Defining what skills are critical is mandatory. Training time is a very limited commodity. We must make sure we are maximizing our use of it. This means: practicing speed reloads while out on the range when we still can’t draw and hit our target at seven yards in under two seconds, is a complete waste of our limited training time.

How do we define what is a critical skill, versus and unnecessary skill? We study gunfights that have already occurred. We look at the data from those gunfights. Finally, we identify patterns that we see in gunfights. Identifying patterns can be a tricky business. Statistics are only as good as the sample size and we have to be cautious of input bias. But, if we look at large studies performed by separate researchers where certain patterns correlate, I think we’re on to something.

Ancillary skills are supportive skills that, while not necessary to perform a given task, are helpful in efficiently completing a task. These include: recoil management, calling your shots, trigger reset, and other similar skills. While these skills aren’t mandatory, a shooter who can learn and employ these skills will become a much more effective shooter.

Now let’s move to the original point of this article: unnecessary skills. Get into the habit of continually re-evaluating what you’re doing on the range. Is it necessary? Does it serve a purpose? If you feel the need to press check your pistol – I rarely do – then retract the slide, check, and be done with it. There’s no need for all the other nonsense. If your carbine runs dry, drop the magazine from the gun, retrieve a loaded one from your pouch, insert it in the carbine and send the bolt home. The hokey-pokey is not what it’s all about when it comes to reloading your gun.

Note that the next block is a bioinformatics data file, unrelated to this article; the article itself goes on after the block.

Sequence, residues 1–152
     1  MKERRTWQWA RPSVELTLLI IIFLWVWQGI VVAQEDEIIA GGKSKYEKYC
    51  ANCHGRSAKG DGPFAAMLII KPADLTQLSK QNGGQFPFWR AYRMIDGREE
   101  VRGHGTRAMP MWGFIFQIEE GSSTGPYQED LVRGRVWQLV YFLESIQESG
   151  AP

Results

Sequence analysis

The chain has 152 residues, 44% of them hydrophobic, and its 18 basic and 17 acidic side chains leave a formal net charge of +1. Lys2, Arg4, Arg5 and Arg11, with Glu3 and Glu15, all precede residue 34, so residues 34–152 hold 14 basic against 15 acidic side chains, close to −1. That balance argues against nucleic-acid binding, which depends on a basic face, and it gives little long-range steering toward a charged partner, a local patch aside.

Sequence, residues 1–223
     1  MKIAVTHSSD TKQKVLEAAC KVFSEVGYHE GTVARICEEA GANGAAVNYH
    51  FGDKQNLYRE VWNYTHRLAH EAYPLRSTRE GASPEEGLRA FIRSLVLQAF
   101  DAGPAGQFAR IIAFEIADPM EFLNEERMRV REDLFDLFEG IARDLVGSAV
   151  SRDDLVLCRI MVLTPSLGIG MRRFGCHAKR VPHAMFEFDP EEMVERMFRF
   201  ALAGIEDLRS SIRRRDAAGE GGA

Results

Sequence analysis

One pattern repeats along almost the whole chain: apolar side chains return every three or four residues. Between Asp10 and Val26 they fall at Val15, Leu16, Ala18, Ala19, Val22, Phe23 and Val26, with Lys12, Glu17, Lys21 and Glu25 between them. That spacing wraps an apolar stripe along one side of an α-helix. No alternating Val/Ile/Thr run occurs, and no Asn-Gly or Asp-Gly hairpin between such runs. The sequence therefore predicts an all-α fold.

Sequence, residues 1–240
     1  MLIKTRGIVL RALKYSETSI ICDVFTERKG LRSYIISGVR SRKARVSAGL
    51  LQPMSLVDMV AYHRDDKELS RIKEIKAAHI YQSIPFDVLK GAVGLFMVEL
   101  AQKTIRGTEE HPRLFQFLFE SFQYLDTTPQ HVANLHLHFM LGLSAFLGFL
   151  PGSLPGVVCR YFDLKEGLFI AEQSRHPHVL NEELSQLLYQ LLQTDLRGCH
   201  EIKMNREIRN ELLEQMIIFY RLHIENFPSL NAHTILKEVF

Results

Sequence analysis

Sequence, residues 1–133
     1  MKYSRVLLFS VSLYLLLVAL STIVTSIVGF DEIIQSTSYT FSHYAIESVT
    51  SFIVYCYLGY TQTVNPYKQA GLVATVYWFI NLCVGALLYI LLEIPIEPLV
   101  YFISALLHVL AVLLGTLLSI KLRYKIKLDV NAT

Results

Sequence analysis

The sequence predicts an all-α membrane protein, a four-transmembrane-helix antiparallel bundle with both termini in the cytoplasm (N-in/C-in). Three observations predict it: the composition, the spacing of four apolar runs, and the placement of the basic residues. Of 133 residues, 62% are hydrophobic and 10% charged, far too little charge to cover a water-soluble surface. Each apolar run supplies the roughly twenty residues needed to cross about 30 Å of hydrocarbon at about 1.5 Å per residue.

What Matters – Part Two: Mindset

by: B.D. Pruitt

will: (noun) –

  1. the faculty of conscious and especially of deliberate action; the power of control the mind has over its own actions.
  2. purpose or determination, often hearty or stubborn determination

Will plays a significant role in our everyday lives. Not much happens without purpose or determination – even the determination to do nothing for the day. Every psychologist I’ve heard or read, states that happy individuals choose to be happy. In other words, happy individuals have already made the determination to have a positive mindset, even in adverse circumstances. Mindset, as it pertains to self-defense, is no different.

When it comes to self-defense, mindset can be roughly arranged into three categories:

  1. Awareness
  2. Protection
  3. Survival

Jeff Cooper summed up awareness nicely with his color code system. We teach a Counter Criminal Psychology class at Firearms University that covers mindset and awareness in depth. I won’t make this a treatise on situational awareness, so, suffice it to say that awareness is definitely a part of one’s mindset and the foundation upon which mindset is built.

Protection is the strategic part of mindset, and tends to be the most personalized aspect of one’s mindset. It includes one’s actions, demeanor, and choices. For example, most of us would not go into a known high-crime area intentionally. If we absolutely had to go into a known high-crime area, most of us (hopefully all of us) would take extra precautions to avoid trouble and prepare for trouble if it should find us.

Protection is the most personalized aspect of mindset because each one of us differs in ability and perspective. Someone who is highly trained and skilled in martial arts may not be as cautious in certain situations as someone who is not. Then again, perhaps someone is more cautious than another because of his or her skill and training. Whatever the case may be, protection is a part of the self-defense mindset.